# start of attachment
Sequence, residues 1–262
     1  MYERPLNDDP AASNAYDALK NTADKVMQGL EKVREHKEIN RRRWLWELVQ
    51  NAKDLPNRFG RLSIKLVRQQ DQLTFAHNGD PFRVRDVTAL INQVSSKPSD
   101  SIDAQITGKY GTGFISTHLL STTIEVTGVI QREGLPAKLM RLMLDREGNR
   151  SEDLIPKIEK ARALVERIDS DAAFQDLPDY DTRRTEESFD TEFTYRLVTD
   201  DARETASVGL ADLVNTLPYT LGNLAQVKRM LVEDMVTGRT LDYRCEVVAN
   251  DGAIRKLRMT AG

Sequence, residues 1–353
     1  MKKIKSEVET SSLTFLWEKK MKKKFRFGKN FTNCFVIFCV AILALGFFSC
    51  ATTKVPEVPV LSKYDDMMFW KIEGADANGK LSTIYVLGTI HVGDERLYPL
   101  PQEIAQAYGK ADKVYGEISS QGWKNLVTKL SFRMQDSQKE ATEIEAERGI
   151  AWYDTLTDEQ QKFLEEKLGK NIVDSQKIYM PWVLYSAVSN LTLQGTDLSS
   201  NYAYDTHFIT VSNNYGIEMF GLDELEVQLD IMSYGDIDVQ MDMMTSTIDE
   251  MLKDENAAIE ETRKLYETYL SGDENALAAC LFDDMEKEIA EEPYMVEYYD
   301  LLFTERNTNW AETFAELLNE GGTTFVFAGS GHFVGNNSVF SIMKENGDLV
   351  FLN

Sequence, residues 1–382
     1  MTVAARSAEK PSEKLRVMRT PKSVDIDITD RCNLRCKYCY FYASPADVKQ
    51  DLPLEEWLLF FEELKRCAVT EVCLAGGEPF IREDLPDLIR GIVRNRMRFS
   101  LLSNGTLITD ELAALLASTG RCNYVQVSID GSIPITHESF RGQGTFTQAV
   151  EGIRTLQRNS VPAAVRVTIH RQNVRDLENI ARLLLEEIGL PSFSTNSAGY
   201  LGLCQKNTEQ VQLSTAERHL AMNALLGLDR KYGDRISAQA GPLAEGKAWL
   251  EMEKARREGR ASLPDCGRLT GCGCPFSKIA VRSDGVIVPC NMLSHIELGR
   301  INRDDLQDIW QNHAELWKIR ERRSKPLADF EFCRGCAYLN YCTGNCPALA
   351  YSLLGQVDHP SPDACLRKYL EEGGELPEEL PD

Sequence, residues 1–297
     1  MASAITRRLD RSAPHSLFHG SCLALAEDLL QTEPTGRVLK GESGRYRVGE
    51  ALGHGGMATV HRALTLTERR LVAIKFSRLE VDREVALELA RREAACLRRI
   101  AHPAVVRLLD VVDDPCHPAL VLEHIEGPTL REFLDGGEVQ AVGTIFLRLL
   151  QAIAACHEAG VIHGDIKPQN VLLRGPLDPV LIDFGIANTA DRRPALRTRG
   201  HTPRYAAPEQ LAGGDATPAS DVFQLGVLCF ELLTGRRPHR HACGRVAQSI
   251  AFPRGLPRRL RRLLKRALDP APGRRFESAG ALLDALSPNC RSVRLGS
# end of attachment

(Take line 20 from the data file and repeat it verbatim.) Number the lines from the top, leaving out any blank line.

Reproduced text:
   101  LLSNGTLITD ELAALLASTG RCNYVQVSID GSIPITHESF RGQGTFTQAV